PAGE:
The Cathedral of San Prisco

  • Via Vescovado, 75, 84014 Nocera Inferiore SA, Italia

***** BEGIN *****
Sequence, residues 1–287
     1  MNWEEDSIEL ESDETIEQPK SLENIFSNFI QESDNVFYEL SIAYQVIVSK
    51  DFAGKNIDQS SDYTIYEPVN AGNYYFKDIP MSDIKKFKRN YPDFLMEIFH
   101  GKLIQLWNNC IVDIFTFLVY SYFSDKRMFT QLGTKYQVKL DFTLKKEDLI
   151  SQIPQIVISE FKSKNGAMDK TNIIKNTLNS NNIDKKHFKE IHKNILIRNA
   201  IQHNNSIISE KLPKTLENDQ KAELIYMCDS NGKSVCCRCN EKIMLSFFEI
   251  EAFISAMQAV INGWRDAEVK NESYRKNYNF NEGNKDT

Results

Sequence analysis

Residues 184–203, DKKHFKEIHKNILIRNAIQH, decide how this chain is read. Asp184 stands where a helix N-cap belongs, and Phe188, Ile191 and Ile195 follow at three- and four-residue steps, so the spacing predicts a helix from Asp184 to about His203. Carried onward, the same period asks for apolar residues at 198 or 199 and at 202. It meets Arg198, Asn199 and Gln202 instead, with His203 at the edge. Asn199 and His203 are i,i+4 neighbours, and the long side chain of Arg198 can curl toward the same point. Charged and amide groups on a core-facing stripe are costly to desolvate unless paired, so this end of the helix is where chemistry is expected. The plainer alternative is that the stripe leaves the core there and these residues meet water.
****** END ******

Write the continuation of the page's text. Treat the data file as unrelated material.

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The cathedral of San Prisco is part of the vast complex of the bishopric that rises on the limit of the homonymous hamlet, isolated from the historical center of Nocera Inferiore. Through the fornix of the baroque bell tower, realized on Francesco Solimena's drawing, it is possible to enter the religious citadel articulated on the wide churchyard delimited by the facade of the bishop's palace and by the lateral prospect of the cathedral. Regarding the origins of the cathedral, that a consolidated tradition wants until the IX century settled in the early Christian church of Saint Maria Maggiore of Nocera Superiore, the sources seem to confirm the foundation in the X century of a primitive church annexed to a Benedictine monastery that, only in 1386 became episcopal center. The original building was rebuilt in the early years of the seventeenth century with a plant with three naves. Following the damages caused by the earthquakes of 1688 and 1694, new interventions were carried out and completed in 1744, the year of the consecration of the renewed cathedral. Important artists were involved, such as Angelo Solimena, author in 1671 of the fresco representing the Glory of Paradise in the dome of the chapel of the Rosary, and Francesco Solimena, to whom we owe the tondo of San Marco in the same chapel, later transferred to the central wall of the presbytery, and the project of the new bell tower rebuilt with baroque forms. The latter, which is still the scenic access to the complex of the bishopric, is divided into three levels gradually tapered and adorned with plastic decorations, drawn from the typical repertoire of Neapolitan baroque, enhanced by the dichotomy of gray volcanic stone and white marble. The bishop Benedetto dei Monti Sanfelice, in the second half of the eighteenth century, completed the stylistic updating of the interior with the realization of the valuable organ, of the marble altars and of the stuccoes on the walls of the naves, outlining in this way the current architectural appearance. The adaptation to the liturgical reform of the Second Vatican Council has determined the reorganization of the presbytery that, completed in 1975 with the realization of the altar, of the cathedra and of the ambo, obtained also through the reuse of parts of the ancient marble pulpit, has modified the pre-existing structure until then still substantially late eighteenth-century. Restored in 1981, by the Superintendence for Artistic, Architectural and Environmental Heritage of Salerno, the cathedral, the result of a sedimented architectural stratification, has a basilica plant with three naves grafted to a transept inscribed in the rectangle of the plant. The last decorative intervention of the second half of the eighteenth century dates back to the Baroque layout, where pilasters with composite capitals rhythm the pillars of the nave up to the entablature surmounted by the cornice, which marks the impost of the barrel vault lunette, also decorated with stucco cornices and volutes. A similar baroque liveliness characterizes the design of the facade, a palimpsest of the tripartite scanning of the interior naves, which shows a higher central body connected by large volutes to the lateral ones.

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